Scientists from Johns Hopkins University developed a new diagnostic tool for predicting breast cancer spread. Knowing whether a tumor is going to metastasize is crucial for timely addressing the issue and ultimately prolonging lives. Current prediction tools use genetics screening which can be difficult to interpret. The new tool, called MAqCI, developed by Professor Konstantopoulos team is based on cell characteristics, behavior and phenotype. This was reported in Nature Biomedical Engineering on May 6th.
A new and potentially more effective way to prevent the spread of castration resistant prostate cancer was identified by researchers from at Boston University School of Medicine. The team of researchers “discovered that inhibition of the protein BRD 4” may be a way to hinder cancer spread by regulating cancer cell migration and invasion. The study was published in Molecular Cancer Research on May 20th.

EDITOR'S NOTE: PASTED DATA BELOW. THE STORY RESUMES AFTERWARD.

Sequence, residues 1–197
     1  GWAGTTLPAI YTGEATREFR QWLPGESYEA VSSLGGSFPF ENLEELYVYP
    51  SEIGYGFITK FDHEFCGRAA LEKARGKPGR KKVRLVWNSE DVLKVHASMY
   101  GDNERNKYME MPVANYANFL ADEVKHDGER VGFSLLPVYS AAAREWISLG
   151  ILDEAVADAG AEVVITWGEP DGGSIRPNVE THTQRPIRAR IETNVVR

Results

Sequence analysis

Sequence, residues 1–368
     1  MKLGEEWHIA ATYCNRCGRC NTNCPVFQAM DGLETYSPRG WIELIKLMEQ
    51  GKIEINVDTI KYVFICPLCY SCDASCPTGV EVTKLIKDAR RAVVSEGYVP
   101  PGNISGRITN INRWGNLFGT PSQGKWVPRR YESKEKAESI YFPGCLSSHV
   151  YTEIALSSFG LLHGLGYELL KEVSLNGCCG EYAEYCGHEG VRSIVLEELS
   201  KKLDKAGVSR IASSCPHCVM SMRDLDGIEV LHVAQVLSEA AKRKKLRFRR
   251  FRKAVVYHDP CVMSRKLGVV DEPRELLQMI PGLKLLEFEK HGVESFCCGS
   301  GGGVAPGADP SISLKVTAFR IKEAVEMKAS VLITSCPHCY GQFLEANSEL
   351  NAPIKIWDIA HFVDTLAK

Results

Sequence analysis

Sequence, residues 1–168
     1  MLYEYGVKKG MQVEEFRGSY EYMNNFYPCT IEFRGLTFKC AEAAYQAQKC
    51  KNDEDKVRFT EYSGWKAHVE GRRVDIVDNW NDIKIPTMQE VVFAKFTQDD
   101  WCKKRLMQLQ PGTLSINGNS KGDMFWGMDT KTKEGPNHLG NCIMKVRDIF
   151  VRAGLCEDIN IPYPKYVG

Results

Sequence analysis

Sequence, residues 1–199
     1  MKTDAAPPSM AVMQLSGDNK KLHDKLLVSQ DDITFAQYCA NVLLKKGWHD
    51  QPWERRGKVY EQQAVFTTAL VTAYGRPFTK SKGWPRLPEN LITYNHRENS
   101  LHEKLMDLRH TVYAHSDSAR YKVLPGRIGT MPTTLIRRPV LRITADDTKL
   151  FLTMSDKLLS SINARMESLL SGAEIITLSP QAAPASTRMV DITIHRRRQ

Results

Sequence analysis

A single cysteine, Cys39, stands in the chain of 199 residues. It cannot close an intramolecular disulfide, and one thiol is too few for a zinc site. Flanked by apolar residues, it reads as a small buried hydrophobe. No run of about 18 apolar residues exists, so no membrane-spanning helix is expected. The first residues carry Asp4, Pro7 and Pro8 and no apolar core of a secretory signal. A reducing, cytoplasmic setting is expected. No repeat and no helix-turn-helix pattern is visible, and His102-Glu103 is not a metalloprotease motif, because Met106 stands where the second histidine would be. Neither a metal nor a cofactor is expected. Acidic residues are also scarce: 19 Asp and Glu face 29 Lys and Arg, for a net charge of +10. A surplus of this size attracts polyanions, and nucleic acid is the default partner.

Through a unique intersection of biology, medicine, physics and mathematics, researchers from Johns Hopkins University created a visualization they compared to Google Maps of blood vessels and blood flow in a tumor. While this technology will likely not be used to directly study human cancer growth, the tools can be used to identify earlier signs of cancer and predict it’s behavior to customize treatment. A report originally published in March was publicized recently on a physics news site.